Now — and this is the key — squeeze the pistol straight back into the web of your hand with the middle finger, which is the longest of the three fingers wrapped around the grip, and also highest on the grip. The other two fingers apply absolutely no pressure to the gun. They’re just along for the ride. The thumb also puts no pressure on the gun, although I will tell you something else about it in a moment. Only that middle finger is squeezing straight back. Let me show you what that looks like with an illustration I drew for the Beeman P1 pistol that has the same grip as a 1911.

1911 grip

The thumb controls the recoil

That thumb can ride against the grip, but if you rest it atop the manual safety switch that’s on the left side of the frame, it will cut the muzzle flip from recoil by half. Some worry that their thumbs will be hurt by the moving slide, but I have never seen that happen in 40 years of shooting. When the pistol comes back in recoil, the thumb doesn’t allow it to rise as much as it wants to. This is a trick I learned from reading the late Jeff Cooper.

This is possible with a stock Colt pistol, but most 1911s you encounter today have special wider safeties that are made for this. Some are even ambidextrous, for lefties.


Okay, that’s as far as I am going with this today. There is more, like the stance, breathing, trigger control and sighting, but that will be for another time.


Does the grip matter? Yes — however, it doesn’t stop with the grips that are on the pistol. It also includes how YOU grip the gun. And that is the point of today’s report. How you grip the gun is even more important than the grips that happen to be on it. And it doesn’t matter what gun you shoot, though those that are like the 1911 will seem easiest if that is what you practice on.

Your grip is a learned and practiced procedure. When you learn it, you can put many shooters to shame, even with their fancy target grips.


I’m getting ready for the Arkansas airgun show, so I haven’t started any of this yet. I want to be able to practice every day, so I will hold off until next week to start.

One thing has become very clear through. When I hold a 10-meter target pistol the perfection of its grip impresses me. So Bob Ryan is correct, the pistol’s grip matters quite a bit!

author avatar
Tom Gaylord (B.B. Pelletier)
Tom Gaylord, also known as B.B. Pelletier, provides expert insights to airgunners all over the world on behalf of Pyramyd AIR. He has earned the title The Godfather of Airguns™ for his contributions to the industry, spending many years with AirForce Airguns and starting magazines dedicated to the sport such as Airgun Illustrated.

30 thoughts on “Get a grip!: Part 2”

  1. B.B.

    Great start to what should be an exciting series. I always tell people that shooting a gun well is easy, shooting a pistol well is HARD.

    Does the thumb over safety trick work with most semi-automatic pistols?


    PS there are some pretty roads in AK.

    • Yogi,

      I will say a qualified yes to the all pistols question, because I haven’t shot all pistols. And pistols like the Luger don’t have safties in that place.


      • This is the best, most understandable explanation about pistol grip FM has ever read. Maybe it will help next time in a shooting session with the P38 – the last one was awful, though it was after surgery for retinal detachment. Enjoy the airgun show – above all, have fun!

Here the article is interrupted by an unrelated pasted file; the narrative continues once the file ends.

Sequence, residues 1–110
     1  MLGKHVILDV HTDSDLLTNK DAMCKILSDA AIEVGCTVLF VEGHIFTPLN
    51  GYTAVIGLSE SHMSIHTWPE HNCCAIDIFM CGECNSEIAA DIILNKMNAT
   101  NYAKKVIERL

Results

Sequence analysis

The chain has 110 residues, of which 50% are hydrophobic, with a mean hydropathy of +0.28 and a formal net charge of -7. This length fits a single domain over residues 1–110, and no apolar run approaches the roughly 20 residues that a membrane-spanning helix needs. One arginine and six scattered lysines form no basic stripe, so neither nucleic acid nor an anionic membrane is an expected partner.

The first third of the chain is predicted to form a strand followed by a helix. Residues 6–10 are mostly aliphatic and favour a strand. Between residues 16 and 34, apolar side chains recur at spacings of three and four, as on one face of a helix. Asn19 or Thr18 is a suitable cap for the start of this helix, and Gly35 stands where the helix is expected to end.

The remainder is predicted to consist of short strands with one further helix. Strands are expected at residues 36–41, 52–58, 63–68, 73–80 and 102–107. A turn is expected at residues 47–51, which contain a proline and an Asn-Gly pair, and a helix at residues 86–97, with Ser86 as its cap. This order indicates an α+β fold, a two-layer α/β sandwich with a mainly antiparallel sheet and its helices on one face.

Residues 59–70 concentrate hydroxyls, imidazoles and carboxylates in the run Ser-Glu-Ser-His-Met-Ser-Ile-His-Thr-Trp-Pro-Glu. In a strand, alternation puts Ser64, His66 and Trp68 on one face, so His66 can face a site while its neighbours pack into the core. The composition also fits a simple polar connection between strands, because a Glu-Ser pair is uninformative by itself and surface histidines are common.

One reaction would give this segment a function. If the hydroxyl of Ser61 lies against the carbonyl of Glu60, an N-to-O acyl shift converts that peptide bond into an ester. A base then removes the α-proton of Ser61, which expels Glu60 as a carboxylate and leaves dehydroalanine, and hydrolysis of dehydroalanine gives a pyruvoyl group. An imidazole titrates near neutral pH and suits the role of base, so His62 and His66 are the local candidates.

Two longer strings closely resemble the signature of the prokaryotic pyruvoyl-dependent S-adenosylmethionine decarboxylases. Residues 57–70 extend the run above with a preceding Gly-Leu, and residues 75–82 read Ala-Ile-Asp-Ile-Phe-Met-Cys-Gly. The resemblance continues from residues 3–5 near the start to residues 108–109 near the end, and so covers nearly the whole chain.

2. BB,

    Now you have me interested in acquiring a pistol do I can follow this series. Maybe a cheap airsoft just for the feel of it?


    PS: Section Grip 1st paragraph last sentence, “And it doesn’t matter what gun you shoot, though thosde (those) that are like the 1911 will seem easiest if that is what you practice on.

    • Siraniko,
      A few years ago, my company asked for volunteers to deploy overseas with a new drone on which we were working (civilian volunteers, as no Army personnel would be trained on the drone yet). The program manager (ex-Army) pointed out the the Theater Commander had authorized “any weapon you want” for the civilian volunteers. I did a little research; it was more like “any weapon you want, just as long as it’s a standard Army-issue M9 (the Army version of the Beretta model 92 in 9mm), and you must qualify with it before deployment in order to be issued one.”
      Hence, I volunteered, and bought an airsoft, Beretta-licensed copy of the model 92. While not as accurate as a rifled-barrel pellet pistol, it was pretty accurate out to 30 feet, and I practiced with it every night in my backyard. My plan was to practice with the airsoft pistol till we got the actual contract from the Army, and then go and get a firearm version and practice with that to ensure I would be able to qualify to be issued an M9 before deployment (like who would want to be unarmed in a battle zone? Not me!).
      Sadly, my company lost the contract at the last minute; hence, I did not get to go. Fortunately, I had not bought the Beretta model 92 yet, so I was not out much money, just the money I paid for the airsoft Beretta clone, which wound up going to my friend’s son, who thought it was “really cool.”
      Anyway, I later bought an all metal airsoft 1911-clone that was rated at 1 joule of energy. It also had hop-up, and shot flat to about 40 feet, at which range it could hit a soda can almost every time. So yes, there are some airsoft pistols which might suit your needs. The ones I bought were spring-powered, but you might be happier with a gas-powered one; the spring-powered ones of today seem to not be as well made as in years gone by; the gas-powered ones seem to be where the development money has gone; some of the gas-powered pistols are up into the price range of firearms, yet they are still “really cool.” 🙂